Medical aid scheme that refuses to pay for procedures

Your recourse to medical aid scheme that refuses to pay for procedures covered by the medical aid

As a medical aid member you rely on your medical aid to come to your rescue when you have medical problems, but what happens when your medical aid refuses to pay for essential medical care. Can they refuse to pay for your medical care, if so, can they do so without a valid reason and what recourse do you have?

Is my medical scheme obliged by law to provide cover for certain medical conditions?

Yes, these are known as Prescribed Minimum Benefits (PMBs). They were introduced into the Medical Schemes Act to ensure that beneficiaries of medical schemes would not run out of benefits for certain conditions and find themselves forced to go to State hospitals for treatment. These PMBs cover a wide range of ±270 conditions, such as meningitis, various cancers, menopausal management, cardiac treatment etc, including medical emergencies. However, take note that certain limitations could apply, such as the use of a designated service provider and specified treatment standards.

When can a medical aid rightfully refuse to pay for medical procedures?

There are two situations where medical aids may refuse to cover treatment:

  1. The treatment may be non-essential meaning that it is either not a treatment that has conclusively been proven to be beneficial or it is a treatment that does not affect one’s health and lifespan.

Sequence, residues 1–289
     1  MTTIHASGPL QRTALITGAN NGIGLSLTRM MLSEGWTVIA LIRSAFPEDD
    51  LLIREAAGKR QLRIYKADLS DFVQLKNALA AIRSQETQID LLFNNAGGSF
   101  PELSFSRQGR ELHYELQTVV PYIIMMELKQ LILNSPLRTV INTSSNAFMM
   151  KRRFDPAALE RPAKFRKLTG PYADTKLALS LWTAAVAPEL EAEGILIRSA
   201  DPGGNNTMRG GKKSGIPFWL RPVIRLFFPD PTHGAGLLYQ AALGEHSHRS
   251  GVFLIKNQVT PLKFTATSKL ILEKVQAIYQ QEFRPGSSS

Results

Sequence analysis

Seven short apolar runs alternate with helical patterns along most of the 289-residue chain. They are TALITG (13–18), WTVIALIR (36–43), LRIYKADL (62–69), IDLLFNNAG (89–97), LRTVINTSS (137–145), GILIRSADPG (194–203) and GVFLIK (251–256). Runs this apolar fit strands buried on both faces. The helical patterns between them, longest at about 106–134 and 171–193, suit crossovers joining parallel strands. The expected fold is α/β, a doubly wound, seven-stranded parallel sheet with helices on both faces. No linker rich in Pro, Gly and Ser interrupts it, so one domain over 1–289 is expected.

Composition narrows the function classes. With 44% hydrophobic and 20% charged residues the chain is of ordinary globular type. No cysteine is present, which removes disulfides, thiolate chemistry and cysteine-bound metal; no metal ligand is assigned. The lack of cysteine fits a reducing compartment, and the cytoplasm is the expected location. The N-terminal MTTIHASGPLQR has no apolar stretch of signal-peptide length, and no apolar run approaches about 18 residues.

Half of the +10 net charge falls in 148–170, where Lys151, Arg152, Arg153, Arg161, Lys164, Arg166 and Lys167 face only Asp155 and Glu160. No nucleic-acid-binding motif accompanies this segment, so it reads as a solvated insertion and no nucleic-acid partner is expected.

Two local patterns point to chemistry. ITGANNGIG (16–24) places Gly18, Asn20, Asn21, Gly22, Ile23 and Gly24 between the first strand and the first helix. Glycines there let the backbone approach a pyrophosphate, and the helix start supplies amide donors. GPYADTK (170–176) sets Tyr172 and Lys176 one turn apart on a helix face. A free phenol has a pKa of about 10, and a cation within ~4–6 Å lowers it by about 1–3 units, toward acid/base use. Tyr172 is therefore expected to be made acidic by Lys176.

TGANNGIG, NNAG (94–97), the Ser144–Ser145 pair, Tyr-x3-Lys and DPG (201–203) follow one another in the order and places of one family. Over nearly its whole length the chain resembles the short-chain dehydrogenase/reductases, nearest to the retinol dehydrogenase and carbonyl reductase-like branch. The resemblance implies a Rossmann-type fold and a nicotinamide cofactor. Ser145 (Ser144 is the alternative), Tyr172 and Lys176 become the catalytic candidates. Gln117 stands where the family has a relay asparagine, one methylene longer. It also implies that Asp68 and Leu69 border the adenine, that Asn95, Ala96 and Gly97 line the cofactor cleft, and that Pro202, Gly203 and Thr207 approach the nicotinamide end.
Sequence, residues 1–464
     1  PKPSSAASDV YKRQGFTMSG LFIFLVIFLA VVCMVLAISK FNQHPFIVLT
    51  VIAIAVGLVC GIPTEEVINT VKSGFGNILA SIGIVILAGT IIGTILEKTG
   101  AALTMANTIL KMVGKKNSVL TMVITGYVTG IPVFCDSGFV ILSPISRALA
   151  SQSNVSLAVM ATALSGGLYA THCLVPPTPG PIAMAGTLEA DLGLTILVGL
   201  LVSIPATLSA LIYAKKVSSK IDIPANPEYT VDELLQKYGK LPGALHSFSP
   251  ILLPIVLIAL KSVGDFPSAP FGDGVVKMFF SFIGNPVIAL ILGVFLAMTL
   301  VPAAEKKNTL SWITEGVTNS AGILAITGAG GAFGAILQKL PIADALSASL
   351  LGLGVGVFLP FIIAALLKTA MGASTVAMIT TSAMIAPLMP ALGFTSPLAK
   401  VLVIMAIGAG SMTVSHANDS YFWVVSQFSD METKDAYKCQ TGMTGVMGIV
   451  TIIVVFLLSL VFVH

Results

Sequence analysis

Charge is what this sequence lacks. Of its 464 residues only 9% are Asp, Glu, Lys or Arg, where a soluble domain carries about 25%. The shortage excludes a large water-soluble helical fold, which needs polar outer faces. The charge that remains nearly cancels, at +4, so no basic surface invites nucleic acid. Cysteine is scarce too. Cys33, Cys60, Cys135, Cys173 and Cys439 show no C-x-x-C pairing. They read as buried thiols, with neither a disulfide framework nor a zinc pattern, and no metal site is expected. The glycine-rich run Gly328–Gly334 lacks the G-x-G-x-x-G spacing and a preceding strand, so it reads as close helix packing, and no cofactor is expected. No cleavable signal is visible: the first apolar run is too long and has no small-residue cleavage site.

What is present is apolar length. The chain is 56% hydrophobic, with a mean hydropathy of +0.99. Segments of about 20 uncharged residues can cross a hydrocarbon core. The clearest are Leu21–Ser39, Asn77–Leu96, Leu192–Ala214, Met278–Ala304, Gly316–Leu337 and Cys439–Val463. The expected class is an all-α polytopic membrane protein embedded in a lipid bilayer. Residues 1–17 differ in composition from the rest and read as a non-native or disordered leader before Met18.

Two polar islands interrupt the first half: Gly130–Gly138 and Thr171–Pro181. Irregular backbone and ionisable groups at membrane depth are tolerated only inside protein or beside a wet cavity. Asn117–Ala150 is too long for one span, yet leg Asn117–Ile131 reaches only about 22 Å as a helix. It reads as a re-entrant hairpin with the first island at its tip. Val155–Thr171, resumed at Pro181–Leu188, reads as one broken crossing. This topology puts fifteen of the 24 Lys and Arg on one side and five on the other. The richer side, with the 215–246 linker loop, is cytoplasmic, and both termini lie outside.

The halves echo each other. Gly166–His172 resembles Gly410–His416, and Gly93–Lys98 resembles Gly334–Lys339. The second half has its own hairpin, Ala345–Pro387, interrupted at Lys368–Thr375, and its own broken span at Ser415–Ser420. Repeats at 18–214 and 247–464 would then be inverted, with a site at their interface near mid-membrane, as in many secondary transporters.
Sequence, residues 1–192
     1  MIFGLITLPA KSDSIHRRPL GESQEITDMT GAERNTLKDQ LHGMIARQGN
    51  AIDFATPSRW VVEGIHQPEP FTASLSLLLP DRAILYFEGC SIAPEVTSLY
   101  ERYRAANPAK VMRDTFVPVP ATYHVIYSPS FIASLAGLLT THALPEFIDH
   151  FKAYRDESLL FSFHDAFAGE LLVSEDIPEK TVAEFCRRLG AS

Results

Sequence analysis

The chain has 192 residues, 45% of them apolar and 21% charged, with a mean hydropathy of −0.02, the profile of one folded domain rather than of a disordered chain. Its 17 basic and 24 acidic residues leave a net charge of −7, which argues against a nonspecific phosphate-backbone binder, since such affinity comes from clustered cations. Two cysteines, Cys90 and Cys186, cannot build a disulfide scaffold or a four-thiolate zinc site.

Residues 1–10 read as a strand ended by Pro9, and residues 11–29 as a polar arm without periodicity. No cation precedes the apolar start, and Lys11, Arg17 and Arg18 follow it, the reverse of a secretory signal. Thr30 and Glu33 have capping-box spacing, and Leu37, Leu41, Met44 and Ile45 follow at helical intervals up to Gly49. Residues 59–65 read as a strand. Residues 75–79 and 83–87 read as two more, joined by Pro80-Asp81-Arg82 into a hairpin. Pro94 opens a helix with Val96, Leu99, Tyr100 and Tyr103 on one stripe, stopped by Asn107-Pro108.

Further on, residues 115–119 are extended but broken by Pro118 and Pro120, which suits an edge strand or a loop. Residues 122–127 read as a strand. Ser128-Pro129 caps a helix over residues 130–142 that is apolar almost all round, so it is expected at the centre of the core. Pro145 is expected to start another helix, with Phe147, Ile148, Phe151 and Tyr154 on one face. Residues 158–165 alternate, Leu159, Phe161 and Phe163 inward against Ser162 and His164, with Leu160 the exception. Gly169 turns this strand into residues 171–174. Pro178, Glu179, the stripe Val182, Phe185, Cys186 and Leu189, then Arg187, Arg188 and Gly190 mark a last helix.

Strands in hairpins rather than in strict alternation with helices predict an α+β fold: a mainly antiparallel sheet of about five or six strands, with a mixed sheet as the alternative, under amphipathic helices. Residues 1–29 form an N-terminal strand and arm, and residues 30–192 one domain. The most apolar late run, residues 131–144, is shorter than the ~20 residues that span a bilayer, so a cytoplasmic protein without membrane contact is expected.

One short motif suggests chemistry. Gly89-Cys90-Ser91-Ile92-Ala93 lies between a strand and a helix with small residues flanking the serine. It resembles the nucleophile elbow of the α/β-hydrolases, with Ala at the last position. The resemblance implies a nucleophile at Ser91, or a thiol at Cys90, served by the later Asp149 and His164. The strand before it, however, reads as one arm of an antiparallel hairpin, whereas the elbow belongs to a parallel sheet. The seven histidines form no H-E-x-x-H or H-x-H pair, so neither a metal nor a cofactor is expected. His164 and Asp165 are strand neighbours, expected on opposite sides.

2. The medical expenses for the illness in question are a pre-existing condition and the stipulated waiting period is not over.

What recourse does a medical aid member have if the medical aid wrongfully refuse to provide cover?

Medical aid policies are not infallible and sometimes refusal to cover treatment may be seen as being unfair. When misunderstandings or differences of opinions arise, medical aid members can take further action.

The first option for recourse is to discuss the matter with your medical doctor. In certain cases, a medical aid may reconsider covering the treatment in question if a medical doctor can provide valid reasons as to why the treatment is necessary. You can collect a motivation letter from your doctor and send it through to the scheme. Their medical panel will then reconsider the decision.

Should you need to take it further then you can speak to the council of medical schemes, the authoritative body that regulates the operations of all medical aids in South Africa. This is not applicable to membership with hospital cash back plans and other medical insurance policies. In these cases, all questions and complaints have to be directed to the insurance ombudsman. People with legal insurance have the option of referring their matters to their insurance companies and letting them run with the matter until finalization.


  • Approach or have your representative approach the medical aid scheme before escalating your matter to the Council;
  • If you have not received acknowledgement of your complaint within 3 days follow up;
  • You are entitled to a response within 120 days.

Comments are closed.


Subscribe to our newsletter and stay up to date with everything legal.


Complete your details below for an obligation free Legal Cover Quote